“The majority of them are looking to make their internship a positive work experience and positive learning experience and they don’t get overly caught up in the social aspects of things,” said Mariani, whose book lightly touches on the the social dynamic of working on the Hill.
“It basically says don’t let fear paralyze you, go out with your friends, but don’t [do something that will] compromise” your experience, he explained.
Richardson said the study looked at a lot more than sex, however, and she believes some of the most important findings about the attitudes and behavior of Capitol Hill interns relate to their experiences back at school with their college professors.
Namely, 51 percent said their professors lean to the liberal side — a mere 28 percent consider their professors to be more conservative — but only 42 percent said they are “very comfortable” discussing their own political views in the classroom when they know that their professors hold different views from their own.
Richardson said she’s concerned that these statistics might show that the political divide between students and their professors may be “hindering the open forum” on campus.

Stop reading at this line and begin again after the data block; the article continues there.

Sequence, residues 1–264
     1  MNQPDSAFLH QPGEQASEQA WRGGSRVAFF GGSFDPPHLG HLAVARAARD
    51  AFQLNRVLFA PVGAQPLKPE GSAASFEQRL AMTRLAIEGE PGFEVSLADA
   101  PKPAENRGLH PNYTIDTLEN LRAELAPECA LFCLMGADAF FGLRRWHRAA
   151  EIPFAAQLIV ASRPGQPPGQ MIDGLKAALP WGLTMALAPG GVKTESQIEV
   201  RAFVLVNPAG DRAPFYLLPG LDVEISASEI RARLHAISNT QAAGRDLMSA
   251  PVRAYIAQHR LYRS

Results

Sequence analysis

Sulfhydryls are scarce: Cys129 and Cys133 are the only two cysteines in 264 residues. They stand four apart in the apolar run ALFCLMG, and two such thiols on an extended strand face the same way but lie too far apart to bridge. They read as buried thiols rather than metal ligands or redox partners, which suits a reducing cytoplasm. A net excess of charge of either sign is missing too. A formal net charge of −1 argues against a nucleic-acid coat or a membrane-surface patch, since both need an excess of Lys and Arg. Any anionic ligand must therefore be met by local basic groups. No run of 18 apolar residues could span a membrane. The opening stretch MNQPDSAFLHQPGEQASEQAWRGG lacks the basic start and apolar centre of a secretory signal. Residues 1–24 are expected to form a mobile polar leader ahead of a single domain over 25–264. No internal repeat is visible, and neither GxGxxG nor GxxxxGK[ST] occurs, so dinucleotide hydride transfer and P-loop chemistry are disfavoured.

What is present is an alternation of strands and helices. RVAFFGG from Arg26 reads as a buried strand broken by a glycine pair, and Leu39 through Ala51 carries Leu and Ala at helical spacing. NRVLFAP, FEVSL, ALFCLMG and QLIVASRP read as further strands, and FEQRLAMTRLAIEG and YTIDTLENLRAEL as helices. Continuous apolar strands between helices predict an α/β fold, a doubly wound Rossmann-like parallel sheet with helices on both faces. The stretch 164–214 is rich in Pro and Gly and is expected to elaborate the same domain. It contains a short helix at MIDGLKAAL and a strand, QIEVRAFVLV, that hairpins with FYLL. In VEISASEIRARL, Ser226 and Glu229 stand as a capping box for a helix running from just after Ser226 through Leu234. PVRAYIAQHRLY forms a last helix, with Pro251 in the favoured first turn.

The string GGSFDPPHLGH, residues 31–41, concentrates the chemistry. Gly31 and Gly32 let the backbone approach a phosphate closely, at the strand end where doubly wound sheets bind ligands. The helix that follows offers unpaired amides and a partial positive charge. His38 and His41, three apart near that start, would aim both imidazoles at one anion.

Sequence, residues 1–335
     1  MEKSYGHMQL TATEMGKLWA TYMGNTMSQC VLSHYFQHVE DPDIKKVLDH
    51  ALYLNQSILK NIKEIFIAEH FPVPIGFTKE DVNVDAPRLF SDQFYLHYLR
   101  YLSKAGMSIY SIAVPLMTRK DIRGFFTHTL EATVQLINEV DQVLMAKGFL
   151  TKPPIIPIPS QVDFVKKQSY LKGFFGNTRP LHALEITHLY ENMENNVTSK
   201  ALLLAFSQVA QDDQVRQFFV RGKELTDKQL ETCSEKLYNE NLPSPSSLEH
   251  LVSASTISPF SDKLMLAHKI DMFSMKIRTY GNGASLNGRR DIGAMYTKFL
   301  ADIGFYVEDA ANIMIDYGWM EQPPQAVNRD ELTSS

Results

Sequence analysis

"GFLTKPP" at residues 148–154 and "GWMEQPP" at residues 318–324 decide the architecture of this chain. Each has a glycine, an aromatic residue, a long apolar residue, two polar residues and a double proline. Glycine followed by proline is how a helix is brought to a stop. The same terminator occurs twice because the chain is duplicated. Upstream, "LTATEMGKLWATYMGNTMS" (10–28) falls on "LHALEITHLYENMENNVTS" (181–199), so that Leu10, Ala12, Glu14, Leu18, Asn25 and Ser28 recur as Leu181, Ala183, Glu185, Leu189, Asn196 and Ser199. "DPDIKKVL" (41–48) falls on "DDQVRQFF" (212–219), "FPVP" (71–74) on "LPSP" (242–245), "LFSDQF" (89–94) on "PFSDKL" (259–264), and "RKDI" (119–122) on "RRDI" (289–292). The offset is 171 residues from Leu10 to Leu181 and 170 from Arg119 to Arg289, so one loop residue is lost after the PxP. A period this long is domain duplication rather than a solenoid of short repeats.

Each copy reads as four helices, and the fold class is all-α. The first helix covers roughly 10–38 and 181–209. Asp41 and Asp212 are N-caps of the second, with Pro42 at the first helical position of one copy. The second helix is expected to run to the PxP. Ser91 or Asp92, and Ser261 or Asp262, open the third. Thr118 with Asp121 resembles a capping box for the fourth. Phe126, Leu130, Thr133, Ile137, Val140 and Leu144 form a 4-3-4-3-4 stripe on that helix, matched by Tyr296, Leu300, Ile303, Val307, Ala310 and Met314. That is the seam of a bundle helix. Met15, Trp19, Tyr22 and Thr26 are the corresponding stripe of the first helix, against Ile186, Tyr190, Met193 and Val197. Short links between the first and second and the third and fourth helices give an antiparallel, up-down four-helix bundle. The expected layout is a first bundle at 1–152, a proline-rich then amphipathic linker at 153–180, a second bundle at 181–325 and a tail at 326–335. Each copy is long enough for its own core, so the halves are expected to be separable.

Richardson said she was encouraged, however, by the reasons this year’s crop of interns said they came to D.C.
The majority — 56 percent — said the most important factor in their decision to spend their savings trying to exist in one of the country’s most expensive cities was the “educational and professional opportunities” that await those who come here.
An additional 29 percent said they’re chiefly here to “make contacts that might help in the future.”
Only 2 percent — down from 5 percent last year — said they came to Washington for the “social aspect.”
“When I interned out here, the year after [the] Monica Lewinsky [scandal broke], I remember telling people I was an intern” and being embarrassed, Richardson said, but clearly that stigma is fading.
“It’s good to see that students got away from that,” she remarked.
Last year’s survey focused on other areas not addressed in this year’s survey, including whether it is common for Capitol Hill interns to become involved in intimate relationships with elected officials.
In the 2002 survey, only 2 percent said they had experienced or observed interns having intimate relationships with elected officials, but more than one-quarter — 26 percent — said they had witnessed other staff members flirting with interns, and 15 percent reported observing interns having intimate relationships with other interns.